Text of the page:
At a time when chocolate consumption in the US and Europe dips as consumers tighten their purse strings, hopes to shore up sales could come from emerging economies, such as Mexico, China and Brazil, that today account for about half of global growth.
In a statement, Juergen Steinemann, Barry Callebaut CEO, said that Brazil “has returned much faster to its earlier growth dynamic than most other economies after the recent economic turmoil.”
Indeed, the Brazilian government there and the International Monetary Fund (IMF) now expect a GDP growth of up to six per cent for 2010.
“Against this background and based on growth forecasts for the Latin American chocolate market of more than three per cent in volume terms annually over the next three years, we see a tremendous market potential – not only in Brazil but in the entire region,” added Steinemann.
Barry Callebaut said by establishing the plant in Extrema, near Sao Paulo, it can now offer its Brazilian customers the full product portfolio of traceable cocoa, semi-finished products and chocolate products.
The new facility in Brazil follows the setting up of the Swiss firm's €30m industrial chocolate facility in Mexico in January of last year in the north-eastern state of Nuevo Leon.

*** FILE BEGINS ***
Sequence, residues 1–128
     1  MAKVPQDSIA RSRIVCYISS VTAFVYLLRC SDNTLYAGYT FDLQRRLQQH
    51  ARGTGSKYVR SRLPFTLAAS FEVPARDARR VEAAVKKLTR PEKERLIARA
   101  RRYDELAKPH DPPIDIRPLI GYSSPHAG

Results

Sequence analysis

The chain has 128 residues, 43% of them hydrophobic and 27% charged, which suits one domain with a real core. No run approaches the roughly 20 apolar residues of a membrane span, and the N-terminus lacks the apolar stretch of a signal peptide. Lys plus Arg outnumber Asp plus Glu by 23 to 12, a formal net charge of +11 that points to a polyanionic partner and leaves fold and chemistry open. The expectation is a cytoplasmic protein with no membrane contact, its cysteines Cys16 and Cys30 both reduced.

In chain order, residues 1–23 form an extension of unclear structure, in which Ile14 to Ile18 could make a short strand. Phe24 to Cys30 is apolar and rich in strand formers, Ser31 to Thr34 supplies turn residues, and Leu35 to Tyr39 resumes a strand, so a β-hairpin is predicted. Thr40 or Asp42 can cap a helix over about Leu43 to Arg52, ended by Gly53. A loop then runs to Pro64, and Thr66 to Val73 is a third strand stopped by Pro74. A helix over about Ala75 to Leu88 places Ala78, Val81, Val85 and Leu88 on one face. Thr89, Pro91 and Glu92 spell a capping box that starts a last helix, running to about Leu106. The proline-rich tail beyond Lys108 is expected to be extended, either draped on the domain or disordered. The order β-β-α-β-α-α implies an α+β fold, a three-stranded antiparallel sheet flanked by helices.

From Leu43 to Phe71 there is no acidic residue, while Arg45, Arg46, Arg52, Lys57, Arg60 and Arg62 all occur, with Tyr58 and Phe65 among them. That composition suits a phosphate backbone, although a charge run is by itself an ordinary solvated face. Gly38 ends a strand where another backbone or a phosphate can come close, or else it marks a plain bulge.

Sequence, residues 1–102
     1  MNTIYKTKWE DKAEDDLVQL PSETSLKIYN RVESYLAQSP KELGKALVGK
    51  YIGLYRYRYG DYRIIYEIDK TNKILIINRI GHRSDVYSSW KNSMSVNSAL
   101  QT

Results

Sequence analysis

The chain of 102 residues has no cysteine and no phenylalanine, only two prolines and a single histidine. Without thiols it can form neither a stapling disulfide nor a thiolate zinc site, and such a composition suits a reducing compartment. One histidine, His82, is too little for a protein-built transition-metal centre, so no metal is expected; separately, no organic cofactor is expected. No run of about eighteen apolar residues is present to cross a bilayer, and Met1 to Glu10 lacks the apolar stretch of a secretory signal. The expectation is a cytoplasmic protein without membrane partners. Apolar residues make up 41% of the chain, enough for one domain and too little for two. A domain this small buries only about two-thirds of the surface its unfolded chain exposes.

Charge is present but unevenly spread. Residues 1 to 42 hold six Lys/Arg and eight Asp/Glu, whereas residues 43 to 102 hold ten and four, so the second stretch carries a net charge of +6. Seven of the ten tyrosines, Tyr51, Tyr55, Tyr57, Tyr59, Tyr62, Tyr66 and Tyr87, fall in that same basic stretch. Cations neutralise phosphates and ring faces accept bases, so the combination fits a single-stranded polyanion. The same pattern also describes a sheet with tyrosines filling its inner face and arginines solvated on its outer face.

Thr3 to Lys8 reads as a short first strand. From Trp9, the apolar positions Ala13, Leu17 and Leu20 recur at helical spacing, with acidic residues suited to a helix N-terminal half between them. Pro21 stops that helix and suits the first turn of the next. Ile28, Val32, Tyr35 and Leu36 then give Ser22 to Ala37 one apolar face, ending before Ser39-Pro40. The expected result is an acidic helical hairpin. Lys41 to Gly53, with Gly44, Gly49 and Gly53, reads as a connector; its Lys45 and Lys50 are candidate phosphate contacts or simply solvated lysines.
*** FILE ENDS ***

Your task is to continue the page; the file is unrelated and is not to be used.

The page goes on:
Raphael Wermuth, communications spokesperson for Barry Callebaut told ConfectioneryNews.com that the new factory, which is the supplier’s first chocolate production plant in South America, will source the majority of its beans from the company’s cocoa-processing plant in the north-eastern state of Bahia.
He said the initial target for first year of production will be 50 per cent of overall facility capacity – 10,000 tonnes – with the objective being to reach 16,000 tonnes by the third year of operation.
The supplier said that the plant will produce dark, milk and white chocolate as well as compound for artisanal and industrial customers, and while the majority of the output is targeting the growing foodservice sector in Brazil, leading chocolate makers in the region are also the focus, said Wermuth.
Last year, Barry Callebaut signed a distribution deal with agro-giant Bunge Alimentos to unlock the potential for food service sales for its B2B gourmet products in Brazil, aiming to tap into Bunge's extensive business-to-business distribution network there, which serves about 25,000 points of sale each day.
ECD Consulting pitches the Brazilian food service segment, which includes bakeries, hotels and chocolatiers, at about 60,000 tonnes a year for chocolate and compound products.
Barry Callebaut and Bunge said last year that they to capture about a sixth of this volume, within two to three years.
Zurich-based Barry Callebaut currently has about 41 facilities - including cocoa processing and chocolate facilities - worldwide.